-Ayse Arf, from LA CityBeat
Photo by Scott Eklund / Seattle P-I
A Save the 76 Ball campaign aims to preserve the former gas station mainstay, designed by Ray Pedersen. Pedersen, who lives in Bellingham, first displayed his creation at the 1962 Seattle World's Fair. Pedersen gases up at this station in Tulalip, coincidentally one of the last gas stations in the U.S. with one of the icons.
A roadside icon, the 76 ball, comes 'round again
Fans save Ballard High grad's vanishing slice of Americana
Stopped at a traffic light two blocks from her Los Angeles home, Kim Cooper stared at the 76 gas station she has driven past hundreds of times and tried to figured out what was wrong.
Then she got a terrible, unsettled feeling.
"I'd always remembered seeing a big, beautiful 76 ball," she said of the '60s-era rotating sign that had illuminated gas pumps across the West Coast and at her neighborhood gas station.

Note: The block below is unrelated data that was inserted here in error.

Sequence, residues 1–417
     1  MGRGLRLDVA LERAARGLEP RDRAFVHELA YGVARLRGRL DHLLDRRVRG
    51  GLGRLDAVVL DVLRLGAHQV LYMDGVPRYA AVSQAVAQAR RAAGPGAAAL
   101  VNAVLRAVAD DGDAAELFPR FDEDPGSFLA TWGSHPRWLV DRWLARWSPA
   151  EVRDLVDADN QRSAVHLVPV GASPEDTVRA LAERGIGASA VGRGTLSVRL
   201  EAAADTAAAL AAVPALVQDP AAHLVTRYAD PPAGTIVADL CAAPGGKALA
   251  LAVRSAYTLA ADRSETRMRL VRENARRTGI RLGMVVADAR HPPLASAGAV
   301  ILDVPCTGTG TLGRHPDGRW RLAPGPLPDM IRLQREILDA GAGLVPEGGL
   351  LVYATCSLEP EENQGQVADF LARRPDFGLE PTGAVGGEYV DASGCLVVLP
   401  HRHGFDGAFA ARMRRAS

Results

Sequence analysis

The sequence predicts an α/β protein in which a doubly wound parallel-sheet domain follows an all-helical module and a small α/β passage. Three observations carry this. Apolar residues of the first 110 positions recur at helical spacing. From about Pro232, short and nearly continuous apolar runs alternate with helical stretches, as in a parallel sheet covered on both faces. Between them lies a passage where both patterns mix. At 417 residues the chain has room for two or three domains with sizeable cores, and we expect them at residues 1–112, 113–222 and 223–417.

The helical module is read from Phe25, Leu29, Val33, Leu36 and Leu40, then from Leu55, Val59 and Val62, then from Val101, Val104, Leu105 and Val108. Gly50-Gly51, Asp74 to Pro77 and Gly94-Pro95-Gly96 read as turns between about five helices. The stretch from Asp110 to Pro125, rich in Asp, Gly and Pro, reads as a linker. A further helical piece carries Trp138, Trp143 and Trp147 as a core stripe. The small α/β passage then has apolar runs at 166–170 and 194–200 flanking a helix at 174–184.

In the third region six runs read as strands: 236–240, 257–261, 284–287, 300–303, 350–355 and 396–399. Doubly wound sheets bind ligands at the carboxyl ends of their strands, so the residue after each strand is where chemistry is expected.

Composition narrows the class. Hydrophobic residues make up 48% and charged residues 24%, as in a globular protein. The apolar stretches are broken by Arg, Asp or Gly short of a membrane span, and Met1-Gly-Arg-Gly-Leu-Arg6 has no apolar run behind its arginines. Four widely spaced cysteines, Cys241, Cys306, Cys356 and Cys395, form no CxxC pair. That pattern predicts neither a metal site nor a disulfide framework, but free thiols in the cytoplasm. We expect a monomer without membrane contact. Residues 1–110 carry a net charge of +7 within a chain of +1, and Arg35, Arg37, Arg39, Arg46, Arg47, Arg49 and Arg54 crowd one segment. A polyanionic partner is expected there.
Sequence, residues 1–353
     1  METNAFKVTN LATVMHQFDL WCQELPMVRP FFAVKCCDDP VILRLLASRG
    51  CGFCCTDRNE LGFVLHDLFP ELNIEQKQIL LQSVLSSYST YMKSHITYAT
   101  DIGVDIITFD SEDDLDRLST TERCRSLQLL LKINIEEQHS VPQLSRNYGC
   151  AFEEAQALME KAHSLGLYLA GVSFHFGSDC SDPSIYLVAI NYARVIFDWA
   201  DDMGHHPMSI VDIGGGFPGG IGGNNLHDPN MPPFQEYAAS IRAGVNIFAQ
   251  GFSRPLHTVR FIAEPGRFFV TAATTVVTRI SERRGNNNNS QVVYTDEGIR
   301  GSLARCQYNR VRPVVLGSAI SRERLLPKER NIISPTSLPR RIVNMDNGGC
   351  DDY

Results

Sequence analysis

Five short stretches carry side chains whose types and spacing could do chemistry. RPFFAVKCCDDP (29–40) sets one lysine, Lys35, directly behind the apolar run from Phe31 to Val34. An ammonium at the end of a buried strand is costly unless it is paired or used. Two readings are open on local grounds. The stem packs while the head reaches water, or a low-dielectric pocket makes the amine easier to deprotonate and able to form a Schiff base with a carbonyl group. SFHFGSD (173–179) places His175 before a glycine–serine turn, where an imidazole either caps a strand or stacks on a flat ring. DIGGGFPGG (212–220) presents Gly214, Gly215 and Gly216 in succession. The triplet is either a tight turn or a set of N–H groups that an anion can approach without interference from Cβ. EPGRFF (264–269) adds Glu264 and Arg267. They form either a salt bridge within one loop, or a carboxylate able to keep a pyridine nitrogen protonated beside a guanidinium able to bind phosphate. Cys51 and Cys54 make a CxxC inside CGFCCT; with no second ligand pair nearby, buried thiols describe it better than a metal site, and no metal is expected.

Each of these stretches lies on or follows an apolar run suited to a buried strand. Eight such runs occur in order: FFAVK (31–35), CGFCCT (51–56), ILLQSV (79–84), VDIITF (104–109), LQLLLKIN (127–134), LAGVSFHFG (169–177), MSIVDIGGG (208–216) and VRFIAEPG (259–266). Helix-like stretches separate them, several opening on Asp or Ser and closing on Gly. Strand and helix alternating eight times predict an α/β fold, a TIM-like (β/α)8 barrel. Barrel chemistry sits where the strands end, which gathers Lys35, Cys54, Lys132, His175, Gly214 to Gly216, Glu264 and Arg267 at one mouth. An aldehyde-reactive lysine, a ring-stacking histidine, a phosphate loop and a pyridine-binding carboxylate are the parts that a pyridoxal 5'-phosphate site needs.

"And they had replaced it with this flat sign and a color that looked like a slab of raw liver."
A Web search informed her that the balls had begun to come down three years earlier, in 2003, a few years after Unocal sold the brand to Tosco Corp., which then became part of ConocoPhillips.
Color experts hired by the company said the orange balls didn't fit with the company's bright red and white designs.
Cooper never met Ray Pedersen -- the Ballard High School graduate who designed the orange 76 ball and debuted it at the 1962 Seattle World's Fair -- but that day launched a Web campaign to save a slice of Americana that was quickly vanishing from the nation's landscape.